Digital Divide Programs
Publius actively encourages citizens to use the Web as an
interactive conduit to government, and works with local governments
to find creative ways to get public information systems online,
in an ongoing effort to find ways to bridge the growing "Digital
Ten years from now access to technical knowledge will be
a civil right. Participation in our democracy will be facilitated
through interactive information systems. Cities like Detroit
and rural areas in Michigan could either become the examples
of how to tackle these issues head-on and develop solutions
that work, or the epicenter of another profound division down
all too familiar social, economic, and racial lines.
The following initiatives fall under The Publius Digital Bridge
Program, each in varied stages of development. Some have been
completed some are colloaboative efforts. All of these programs
are based in our home community of Detroit:
The Publius Digital Bridge Program
Publius' Digital Bridge program acknowledges that the reality
of the digital divide is that the Web is currently not relevant
to everyone. In certain economically depressed urban and rural
areas a lack of discretionary income removes the conveniences
of commerce on the Web. The result, in these areas, is an
information resource that has more encyclopedic value than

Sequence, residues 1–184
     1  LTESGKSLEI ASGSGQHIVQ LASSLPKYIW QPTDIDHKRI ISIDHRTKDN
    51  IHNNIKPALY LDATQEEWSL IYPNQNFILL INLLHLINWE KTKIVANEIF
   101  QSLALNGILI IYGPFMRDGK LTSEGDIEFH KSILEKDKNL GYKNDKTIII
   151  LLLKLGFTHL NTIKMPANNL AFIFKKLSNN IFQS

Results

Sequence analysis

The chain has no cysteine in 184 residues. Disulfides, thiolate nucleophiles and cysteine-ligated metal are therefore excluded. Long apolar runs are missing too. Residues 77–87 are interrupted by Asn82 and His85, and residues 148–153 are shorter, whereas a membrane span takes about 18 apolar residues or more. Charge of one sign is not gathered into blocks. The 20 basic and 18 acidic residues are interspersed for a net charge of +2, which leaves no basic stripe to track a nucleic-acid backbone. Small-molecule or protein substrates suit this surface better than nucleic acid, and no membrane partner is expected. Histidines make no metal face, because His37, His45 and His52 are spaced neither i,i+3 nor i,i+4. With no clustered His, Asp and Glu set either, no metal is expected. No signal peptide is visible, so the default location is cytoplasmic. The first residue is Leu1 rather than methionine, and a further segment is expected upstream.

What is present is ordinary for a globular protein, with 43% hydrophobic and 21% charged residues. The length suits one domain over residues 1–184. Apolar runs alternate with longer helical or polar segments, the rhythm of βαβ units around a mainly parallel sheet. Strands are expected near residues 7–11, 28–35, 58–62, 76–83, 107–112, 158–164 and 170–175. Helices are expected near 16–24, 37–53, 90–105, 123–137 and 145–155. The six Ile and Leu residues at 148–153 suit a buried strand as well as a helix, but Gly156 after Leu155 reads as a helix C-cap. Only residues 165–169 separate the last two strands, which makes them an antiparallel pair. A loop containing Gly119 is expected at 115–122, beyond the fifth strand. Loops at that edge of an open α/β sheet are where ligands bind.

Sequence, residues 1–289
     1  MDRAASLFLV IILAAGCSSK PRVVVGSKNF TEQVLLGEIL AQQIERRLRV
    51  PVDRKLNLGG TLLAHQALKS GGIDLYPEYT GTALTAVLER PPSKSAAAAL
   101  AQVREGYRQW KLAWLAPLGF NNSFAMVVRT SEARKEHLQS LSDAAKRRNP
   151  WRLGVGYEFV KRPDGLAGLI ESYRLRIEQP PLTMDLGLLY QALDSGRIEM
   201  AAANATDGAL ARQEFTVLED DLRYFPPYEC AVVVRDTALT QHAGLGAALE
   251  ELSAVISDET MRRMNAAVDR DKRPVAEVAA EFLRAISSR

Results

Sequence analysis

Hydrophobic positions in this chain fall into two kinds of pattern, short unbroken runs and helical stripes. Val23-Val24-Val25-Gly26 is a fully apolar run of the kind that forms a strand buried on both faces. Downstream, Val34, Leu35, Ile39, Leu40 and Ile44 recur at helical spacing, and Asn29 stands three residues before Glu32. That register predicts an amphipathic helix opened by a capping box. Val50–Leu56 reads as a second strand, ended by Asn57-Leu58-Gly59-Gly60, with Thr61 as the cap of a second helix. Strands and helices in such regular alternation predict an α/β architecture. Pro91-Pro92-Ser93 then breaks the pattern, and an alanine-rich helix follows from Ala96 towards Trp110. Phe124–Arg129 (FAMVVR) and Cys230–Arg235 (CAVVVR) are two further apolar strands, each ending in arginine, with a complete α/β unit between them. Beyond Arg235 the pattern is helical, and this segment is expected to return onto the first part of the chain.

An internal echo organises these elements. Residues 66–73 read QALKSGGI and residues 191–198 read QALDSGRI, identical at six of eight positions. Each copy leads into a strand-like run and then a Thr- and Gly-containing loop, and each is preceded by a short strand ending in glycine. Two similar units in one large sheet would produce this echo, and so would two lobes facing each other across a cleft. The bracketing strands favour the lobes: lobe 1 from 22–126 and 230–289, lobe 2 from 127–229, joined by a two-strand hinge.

local information. The story of the evolution of the Web is
one of the proliferation of localized and even personal information
creating fertile ground for commercial development. Where
that localization has stopped or slowed due to access or income
issues is the real rift of the digital divide.
The Publius Digital Bridge program constitutes a coordinated
effort of several initiatives and opportunities for people
in those areas who want to participate, but are denied access.
It does not present the Web as a solution to the world's problems,
and does not directly target those who do not feel the Web
is important to them (they may be right).
Our Primary bridge program in
2002 is the Detroit Youth Technology Outreach (DYTO).
DYTO is an experimental startup of high school students
based in southwest Detroit dedicated to promoting the use
of technology in inner-city communities (www.dyto.org).
The program is run as a civic engagement initiative through
Publius.org, and Michigan States Kids Learning in Computer
Klubhouses (KLICK) program A sample of thier work can be found
Other and Past programs
Publius4Schools/The 1800 Project
Encourages pre-voters to use the Internet to research elections
and to become involved and understand their upcoming responsibilities
Phone Access Portal (411-4ACCESS)
Enables users to quickly locate the nearest publicly accessible
Internet terminal, computer training center, and other information
technology resources over the phone
The Youth Tech Corps
An apprenticeship/entrepreneurship program where work-study
students are allowed to participate in the implementation
of major IT projects, culminating in access to resources to
Community Service Providers
Community Access web hosting facilities
The PC Recovery System
The PC Recovery system is a process that trains students (age
11 up) who have no experience to restore discarded computers
to full functionality in 2 hours. The course can be integrated
with a certified Pre-A+ Curriculum.
If you would like additional information on any of the programs
listed above contact us here.